A Brand-New Bowtie
BOB MERCKLE’S ALL-MODERN BEL AIR CONVERTIBLE
Bob Merckle’s ’55 Chevy Bel Air
Amajor part of an old hot rod’s charm is just that—it’s old … it’s noisy … it’s nearly everything a new car isn’t. But for some, that particular appeal isn’t so, well, appealing, yet the desire still exists. Fortunately, our aftermarket has progressed quite well over the years, adopting many advancements the new car manufacturers have developed in drivetrain and suspension that can be adapted to those old cars we love. And when it comes to early Fords, you can have one built from the ground up with not a single old part on it. But what about us Chevy folk?
For the most part, if you want a hot rod based on anything from the late
’40s on up, unless you’re willing to hammer out your own body from sheet steel or aluminum, you gotta start with an original car. That is, unless you’re a Tri-Five kind of guy—that’s a different story. Thanks to Woody’s Hot Rodz, Art Morrison Enterprises, and Chevrolet Performance, among others, you can have that ’55-’57 Chevy you’ve always dreamed about—even a convertible— and not spend a minute worrying about searching for, repairing, or paying a fortune for any original exterior components. In essence, the charm of that old hot rod now becomes the charm of a truly all-new one, and even though he wasn’t dreaming of, let alone in the market to buy, that’s exactly what lured Bob Merckle in the day he crossed paths with Woody’s owner Chris Sondles.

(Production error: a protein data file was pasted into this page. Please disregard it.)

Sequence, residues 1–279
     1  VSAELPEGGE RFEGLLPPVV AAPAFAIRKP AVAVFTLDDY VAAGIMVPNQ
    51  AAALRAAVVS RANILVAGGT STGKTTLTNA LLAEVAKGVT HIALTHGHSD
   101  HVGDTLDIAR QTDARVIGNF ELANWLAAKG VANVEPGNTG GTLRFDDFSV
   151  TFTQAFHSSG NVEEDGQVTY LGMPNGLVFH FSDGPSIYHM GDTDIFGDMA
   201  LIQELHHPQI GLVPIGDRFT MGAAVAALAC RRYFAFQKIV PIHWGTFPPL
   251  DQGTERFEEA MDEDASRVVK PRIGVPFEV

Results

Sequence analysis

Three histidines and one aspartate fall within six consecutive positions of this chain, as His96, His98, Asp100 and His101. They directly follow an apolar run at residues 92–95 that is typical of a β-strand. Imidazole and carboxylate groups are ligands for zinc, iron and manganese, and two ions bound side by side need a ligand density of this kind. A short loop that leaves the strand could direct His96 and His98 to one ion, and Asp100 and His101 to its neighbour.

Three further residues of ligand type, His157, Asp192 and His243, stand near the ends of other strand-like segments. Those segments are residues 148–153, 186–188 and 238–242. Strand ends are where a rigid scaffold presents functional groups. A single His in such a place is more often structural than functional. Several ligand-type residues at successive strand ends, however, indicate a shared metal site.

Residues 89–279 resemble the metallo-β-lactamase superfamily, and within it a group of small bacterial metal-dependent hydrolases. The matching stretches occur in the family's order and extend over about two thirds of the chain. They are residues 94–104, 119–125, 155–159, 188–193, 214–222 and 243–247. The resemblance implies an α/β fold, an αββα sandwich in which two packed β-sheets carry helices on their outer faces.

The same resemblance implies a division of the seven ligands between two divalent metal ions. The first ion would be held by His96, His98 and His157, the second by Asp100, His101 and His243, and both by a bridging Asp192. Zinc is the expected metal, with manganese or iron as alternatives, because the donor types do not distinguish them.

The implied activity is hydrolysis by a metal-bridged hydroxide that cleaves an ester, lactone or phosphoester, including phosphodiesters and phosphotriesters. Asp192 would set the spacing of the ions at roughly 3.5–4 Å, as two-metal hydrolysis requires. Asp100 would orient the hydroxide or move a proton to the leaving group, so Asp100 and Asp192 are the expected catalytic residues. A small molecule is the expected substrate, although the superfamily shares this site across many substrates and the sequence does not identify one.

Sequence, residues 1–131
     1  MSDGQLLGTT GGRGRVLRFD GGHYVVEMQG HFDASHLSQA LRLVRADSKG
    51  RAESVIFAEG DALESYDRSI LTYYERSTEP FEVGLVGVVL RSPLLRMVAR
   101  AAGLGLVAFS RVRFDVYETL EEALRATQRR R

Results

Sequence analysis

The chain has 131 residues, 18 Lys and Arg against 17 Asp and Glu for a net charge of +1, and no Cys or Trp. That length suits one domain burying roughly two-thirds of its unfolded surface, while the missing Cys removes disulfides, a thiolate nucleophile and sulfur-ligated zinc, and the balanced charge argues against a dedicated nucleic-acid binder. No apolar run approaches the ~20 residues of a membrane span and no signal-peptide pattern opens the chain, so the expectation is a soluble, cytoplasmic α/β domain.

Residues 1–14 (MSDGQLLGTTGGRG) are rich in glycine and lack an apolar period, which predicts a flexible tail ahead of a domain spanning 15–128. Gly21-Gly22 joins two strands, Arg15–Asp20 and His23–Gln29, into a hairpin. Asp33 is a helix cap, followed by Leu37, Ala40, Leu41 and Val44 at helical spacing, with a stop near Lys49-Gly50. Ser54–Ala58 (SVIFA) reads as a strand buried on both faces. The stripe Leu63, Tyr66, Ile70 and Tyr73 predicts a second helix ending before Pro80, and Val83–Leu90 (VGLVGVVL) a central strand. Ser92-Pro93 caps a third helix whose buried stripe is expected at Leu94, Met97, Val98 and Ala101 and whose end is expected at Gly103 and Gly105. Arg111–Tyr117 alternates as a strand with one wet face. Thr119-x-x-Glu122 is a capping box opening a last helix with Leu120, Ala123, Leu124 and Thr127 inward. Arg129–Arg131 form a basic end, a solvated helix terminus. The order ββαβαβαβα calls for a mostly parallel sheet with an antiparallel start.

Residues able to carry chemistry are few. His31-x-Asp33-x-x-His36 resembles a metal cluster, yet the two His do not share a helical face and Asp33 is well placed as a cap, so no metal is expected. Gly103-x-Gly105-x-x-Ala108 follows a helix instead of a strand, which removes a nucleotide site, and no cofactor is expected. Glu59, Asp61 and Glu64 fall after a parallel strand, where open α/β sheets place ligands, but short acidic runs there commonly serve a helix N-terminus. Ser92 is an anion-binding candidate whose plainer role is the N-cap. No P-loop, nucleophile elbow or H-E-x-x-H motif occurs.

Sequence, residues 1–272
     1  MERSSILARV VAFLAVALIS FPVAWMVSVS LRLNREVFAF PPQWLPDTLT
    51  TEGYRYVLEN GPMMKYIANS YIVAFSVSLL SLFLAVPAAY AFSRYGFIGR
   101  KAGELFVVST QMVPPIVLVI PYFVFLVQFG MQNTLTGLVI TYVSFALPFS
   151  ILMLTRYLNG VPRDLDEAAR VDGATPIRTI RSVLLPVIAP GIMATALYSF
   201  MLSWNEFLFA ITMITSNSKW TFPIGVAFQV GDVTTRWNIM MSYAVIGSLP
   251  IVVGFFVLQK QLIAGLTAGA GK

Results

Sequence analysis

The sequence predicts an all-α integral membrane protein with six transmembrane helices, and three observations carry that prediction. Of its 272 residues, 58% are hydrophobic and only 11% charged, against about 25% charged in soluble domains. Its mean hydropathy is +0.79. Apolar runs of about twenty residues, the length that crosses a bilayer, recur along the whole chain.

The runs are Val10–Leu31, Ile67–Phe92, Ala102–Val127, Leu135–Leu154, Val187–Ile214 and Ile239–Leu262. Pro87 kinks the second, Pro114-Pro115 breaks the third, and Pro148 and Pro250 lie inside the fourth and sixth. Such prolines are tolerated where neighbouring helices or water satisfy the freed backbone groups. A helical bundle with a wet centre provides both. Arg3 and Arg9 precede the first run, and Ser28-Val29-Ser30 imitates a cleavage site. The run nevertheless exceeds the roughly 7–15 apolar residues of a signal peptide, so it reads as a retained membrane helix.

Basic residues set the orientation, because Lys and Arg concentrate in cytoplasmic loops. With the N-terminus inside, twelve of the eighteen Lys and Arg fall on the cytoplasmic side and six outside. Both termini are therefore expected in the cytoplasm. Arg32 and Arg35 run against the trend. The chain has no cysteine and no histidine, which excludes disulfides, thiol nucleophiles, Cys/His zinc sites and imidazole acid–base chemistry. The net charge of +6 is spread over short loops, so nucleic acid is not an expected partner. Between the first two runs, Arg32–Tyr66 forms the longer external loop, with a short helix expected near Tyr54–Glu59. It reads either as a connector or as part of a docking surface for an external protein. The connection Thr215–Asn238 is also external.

“I walked into Woody’s on a whim on my way through the Cincinnati area on a trip. I had no intention of buying a car that day, but by the time I left, I did! What the guys at Woody’s are doing with these new-bodied cars is really amazing. Within that short visit, Chris and I had made a plan that included most of what you see today—he just took it from there, gave the idea to Eric Brockmeyer, and when Eric was done with the rendering all I had to do was pick the color for the top and bless the design—which I did!”
Two years following that chance encounter, Bob not only had the
’55 Chevy he hadn’t intended on having built, but one that performs like no Bel Air convertible was ever
A BRAND-NEW BOWTIE
intended to perform. But maybe the icing on the special-occasion cake was arriving to his wedding this past summer in the fresh-outta-the-shop drop-top where he and then-fiancée Justine were married in a ceremony filled with “friends, rock ’n’ roll, and of course plenty of hot rods!”
Bob may have wanted Corvette performance, which would loosely translate into an LS9-based powertrain depending on what era Vette we’re talking, but the decision was made to go with the LSA/6L90e platform instead—still 6.2 liters of supercharged, 580-plus horsepower performance … but a little easier on the wallet. His handling aspect requirements obviously come in the form of an Art Morrison GT Sport Tri-5 chassis complete with their proprietary IFS, power rack steering, fully adjustable dampers, and Morrison’s state-of-the-art